- The Washington Times - Monday, March 27, 2000

I have seen the future of desktop computers and it's about the size of a big-city Yellow Pages directory. That's roughly one-fourth or one-fifth the size of a traditional desktop, and that shrinking could mean a lot to both users and information technology managers.
This vision of the future arrived the other day in the form of Hewlett Packard Co.'s "e-Vectra" desktop personal computer, announced in February and to be available in April. With a retail price starting at $549, and topping out at $1,199, these PCs are not positioned as high-end workstations for engineers or architects. Rather, they're designed for those of us who have more mundane tasks to perform: write or answer letters or e-mail, do research on the Internet, crunch numbers and enter information into databases.
Such tasks could be handled by the ultimate "thin client" computer, a "network computer" which has no hard disk, no CD-ROM drive and little more than a direct hookup to a network server or Internet applications server somewhere in the clouds of cyberspace. But many people among them this writer firmly believe in a "one processor per person" rule; in fact, it's called "Pournelle's Law," since pioneering computer (and sci-fi) author Jerry Pournelle came up with the expression. Why? Because having a real, live functioning computer on the desk allows people to be more creative.
The problem, however, is that real, live functioning PCs are too big, too costly to maintain and offer too many opportunities for people to sneak things into computers that gunk up their workings, or migrate onto a network or just mess up established processes. A lot of information technology support time is burned away by people's tweaks of their computers for good or ill.
The HP e-Vectra is designed to minimize that in several ways. One, the computer is very compact, with no card slots or drive bays to which devices can be added. Second, both the Windows 2000 operating system (shipping as standard on two of the models HP is offering) and HP's own Top Tools client management software let an administrator lock out various ports and features on a system. If you don't want Bob in accounting plugging in a game joystick on the serial port, he can be barred.
Finally, there's a key lock that'll shut down any external connections that are open once a machine has been installed, again, keeping n'er-do-wells away.
What you're left with is a somewhat-powerful system: my test unit, an "early production" model listing for $999, had 128 megabytes of random access memory, an 8.4-gigabyte hard disk drive and a CD-ROM drive, as well as legacy ports such as one for a parallel printer, a serial communications port and a VGA monitor connection. There were also two Universal Serial Bus ports, as well as standard keyboard and mouse connectors. The central processing unit in the computer was a 667 megahertz Intel Pentium III; a 3Com 10/100-Base-T local area network connector is built in, but there's no internal modem.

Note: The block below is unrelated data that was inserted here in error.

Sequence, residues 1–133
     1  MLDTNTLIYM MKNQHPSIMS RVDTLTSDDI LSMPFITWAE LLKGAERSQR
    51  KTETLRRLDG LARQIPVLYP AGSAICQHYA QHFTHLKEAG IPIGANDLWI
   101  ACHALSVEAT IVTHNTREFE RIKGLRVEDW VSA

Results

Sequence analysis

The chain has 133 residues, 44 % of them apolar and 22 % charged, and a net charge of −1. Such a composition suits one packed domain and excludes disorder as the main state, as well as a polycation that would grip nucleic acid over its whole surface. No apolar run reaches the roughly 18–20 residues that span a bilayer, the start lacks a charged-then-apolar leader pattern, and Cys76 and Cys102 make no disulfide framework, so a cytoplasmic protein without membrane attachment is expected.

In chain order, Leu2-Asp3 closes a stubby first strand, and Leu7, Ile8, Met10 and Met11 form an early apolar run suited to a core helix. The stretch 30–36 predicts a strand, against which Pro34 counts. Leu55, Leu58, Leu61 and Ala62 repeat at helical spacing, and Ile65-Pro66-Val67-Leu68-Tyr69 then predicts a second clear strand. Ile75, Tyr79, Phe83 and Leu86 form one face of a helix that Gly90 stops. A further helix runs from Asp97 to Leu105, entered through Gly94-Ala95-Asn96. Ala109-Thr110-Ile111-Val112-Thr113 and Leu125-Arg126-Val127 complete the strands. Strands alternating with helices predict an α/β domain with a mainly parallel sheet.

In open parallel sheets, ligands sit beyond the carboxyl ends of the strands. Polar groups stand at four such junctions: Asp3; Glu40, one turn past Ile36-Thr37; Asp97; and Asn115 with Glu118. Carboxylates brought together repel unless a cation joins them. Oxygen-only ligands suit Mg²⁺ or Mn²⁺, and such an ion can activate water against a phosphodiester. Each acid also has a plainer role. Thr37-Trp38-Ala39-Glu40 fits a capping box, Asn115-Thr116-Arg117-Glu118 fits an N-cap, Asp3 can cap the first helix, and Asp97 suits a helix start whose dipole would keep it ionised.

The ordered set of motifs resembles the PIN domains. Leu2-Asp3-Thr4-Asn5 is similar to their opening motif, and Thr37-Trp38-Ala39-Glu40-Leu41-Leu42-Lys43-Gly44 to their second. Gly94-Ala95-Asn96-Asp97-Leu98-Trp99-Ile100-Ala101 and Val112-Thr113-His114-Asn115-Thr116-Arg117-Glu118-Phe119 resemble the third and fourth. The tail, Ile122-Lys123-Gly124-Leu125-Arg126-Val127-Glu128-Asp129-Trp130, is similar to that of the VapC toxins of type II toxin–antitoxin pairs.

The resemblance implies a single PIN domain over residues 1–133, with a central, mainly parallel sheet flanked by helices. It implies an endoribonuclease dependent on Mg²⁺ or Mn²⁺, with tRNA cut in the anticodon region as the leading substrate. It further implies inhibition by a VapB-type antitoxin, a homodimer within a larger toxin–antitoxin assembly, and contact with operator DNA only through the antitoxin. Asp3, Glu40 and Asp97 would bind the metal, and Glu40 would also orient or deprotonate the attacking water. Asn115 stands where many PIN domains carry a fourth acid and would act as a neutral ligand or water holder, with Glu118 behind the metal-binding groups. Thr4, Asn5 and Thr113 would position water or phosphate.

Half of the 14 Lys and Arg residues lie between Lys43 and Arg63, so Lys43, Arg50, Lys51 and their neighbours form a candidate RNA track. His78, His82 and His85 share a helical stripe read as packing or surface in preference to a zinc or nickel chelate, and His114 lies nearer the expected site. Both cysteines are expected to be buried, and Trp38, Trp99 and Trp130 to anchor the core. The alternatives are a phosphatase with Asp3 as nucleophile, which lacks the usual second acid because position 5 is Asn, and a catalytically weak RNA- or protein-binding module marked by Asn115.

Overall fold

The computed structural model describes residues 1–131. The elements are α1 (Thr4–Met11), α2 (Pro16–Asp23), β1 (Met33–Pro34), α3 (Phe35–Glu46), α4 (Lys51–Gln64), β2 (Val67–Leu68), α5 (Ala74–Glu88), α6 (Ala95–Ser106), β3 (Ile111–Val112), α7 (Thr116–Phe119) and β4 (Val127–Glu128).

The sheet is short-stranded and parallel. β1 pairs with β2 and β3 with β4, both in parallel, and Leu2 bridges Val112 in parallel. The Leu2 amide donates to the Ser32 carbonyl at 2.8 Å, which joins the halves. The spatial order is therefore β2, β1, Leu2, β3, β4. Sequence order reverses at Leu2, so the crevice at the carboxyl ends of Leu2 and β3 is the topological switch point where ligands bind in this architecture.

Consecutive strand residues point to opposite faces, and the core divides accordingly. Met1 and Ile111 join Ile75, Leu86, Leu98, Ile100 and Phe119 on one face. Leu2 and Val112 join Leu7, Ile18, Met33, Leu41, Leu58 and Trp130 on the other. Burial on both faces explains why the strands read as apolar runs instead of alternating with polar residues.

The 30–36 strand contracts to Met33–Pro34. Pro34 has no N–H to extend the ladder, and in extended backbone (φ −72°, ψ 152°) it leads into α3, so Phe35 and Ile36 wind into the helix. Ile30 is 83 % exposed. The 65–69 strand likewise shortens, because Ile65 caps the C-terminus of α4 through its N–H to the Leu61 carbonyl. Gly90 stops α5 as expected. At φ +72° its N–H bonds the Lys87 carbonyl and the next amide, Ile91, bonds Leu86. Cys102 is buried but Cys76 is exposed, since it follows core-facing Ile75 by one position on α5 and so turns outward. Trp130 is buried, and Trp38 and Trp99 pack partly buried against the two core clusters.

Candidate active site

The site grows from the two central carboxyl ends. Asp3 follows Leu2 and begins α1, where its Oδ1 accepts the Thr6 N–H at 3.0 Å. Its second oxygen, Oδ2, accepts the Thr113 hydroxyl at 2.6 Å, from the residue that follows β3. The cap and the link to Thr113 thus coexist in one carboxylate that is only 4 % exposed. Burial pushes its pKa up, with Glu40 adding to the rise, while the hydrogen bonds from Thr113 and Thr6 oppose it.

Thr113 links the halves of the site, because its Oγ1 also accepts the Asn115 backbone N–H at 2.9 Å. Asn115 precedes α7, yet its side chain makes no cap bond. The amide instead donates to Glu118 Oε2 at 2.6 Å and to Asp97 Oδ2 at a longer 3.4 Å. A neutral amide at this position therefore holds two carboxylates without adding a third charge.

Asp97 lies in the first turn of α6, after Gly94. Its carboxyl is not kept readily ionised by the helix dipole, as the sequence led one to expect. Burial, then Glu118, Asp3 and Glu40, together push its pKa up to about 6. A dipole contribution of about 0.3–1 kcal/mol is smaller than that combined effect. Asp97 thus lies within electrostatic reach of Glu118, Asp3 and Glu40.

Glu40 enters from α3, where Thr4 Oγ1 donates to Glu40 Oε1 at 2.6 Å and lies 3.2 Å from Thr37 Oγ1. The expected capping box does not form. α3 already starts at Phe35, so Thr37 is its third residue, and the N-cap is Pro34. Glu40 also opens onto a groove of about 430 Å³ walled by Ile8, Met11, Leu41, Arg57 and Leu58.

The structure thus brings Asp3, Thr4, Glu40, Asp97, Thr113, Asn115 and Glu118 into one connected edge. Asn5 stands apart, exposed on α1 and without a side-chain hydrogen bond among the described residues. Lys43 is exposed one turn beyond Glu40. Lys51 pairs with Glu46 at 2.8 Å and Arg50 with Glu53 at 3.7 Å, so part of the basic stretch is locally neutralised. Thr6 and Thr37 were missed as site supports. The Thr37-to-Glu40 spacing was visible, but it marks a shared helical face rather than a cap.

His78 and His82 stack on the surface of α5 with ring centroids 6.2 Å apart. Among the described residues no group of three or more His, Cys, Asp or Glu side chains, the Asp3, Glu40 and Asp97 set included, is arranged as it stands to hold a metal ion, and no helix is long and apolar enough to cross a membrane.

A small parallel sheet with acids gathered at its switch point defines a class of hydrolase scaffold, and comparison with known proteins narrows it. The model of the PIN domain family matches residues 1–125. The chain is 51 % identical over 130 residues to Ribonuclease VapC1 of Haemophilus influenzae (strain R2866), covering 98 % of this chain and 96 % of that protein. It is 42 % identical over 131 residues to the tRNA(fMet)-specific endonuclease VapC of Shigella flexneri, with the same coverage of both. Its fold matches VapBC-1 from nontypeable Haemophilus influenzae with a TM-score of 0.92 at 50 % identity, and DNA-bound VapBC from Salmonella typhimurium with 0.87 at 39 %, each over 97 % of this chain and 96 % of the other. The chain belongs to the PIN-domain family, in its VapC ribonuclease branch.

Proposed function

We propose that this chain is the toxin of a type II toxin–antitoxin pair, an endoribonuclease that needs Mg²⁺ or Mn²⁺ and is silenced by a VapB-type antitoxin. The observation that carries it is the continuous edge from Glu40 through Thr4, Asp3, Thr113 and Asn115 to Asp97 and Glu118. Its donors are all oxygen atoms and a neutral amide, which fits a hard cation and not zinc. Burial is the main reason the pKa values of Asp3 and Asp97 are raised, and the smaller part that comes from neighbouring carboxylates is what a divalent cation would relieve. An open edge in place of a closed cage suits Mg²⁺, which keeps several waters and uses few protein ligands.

One might wish for a larger hard disk drive 15 gigabytes or more would be nice. And some might complain about the Intel graphics video chipset, which provides a decent display but not a gamer's high-resolution dream. But this is not a machine for storing your library of 2,000 MP3 music files, or for playing the latest version of Tomb Rader. It's designed, as mentioned, for getting down to business.
About the only feature I hope HP will consider for the future is some implementation of wireless networking, which I believe will be important and useful in many situations.
This the computer does remarkably well. Once I'd set it up with the applications I use (Microsoft Office 2000, a printer, some Internet software), there were no problems in operation. The machine is quiet, small and very unobtrusive measuring 3.5 inches by 9 by 10.9 inches with an 8.4-pound case.
Having been, once upon a time, an IT manager, the e-Vectra struck me as an administrator's dream: super-easy to set up and configure, with controlling software that makes customization very efficient. HP is so confident that its combo of few parts, few ports and the Windows 2000 operating system is very close to rock solid that it's willing to offer what it calls a lifetime service contract for $99. I have the feeling, though, that given the performance of the computer, there won't be that many service calls.
If you're buying PCs for an office or even a campus, and if you want a bunch of systems that are easy to configure and manage, it will be very difficult to top the e-Vectra from Hewlett Packard. Those of us who want to burn CDs, or run extravagant graphics-hungry programs, or do other esoteric tasks might want another computer. But if I were buying 100 PCs for an office staff, I don't believe I'd have to look much further. This is a computer that many people will want to examine, buy and use happily. More information on the product is available on line at www.hp.com/desktops/epc/ .
Write to Mark Kellner in care of The Washington Times, Business Desk, 3600 New York Ave. NE, Washington, D.C. 20002, send e-mail to MarkKel@aol.com, or visit the writer's Web page (www.markkellner.com).



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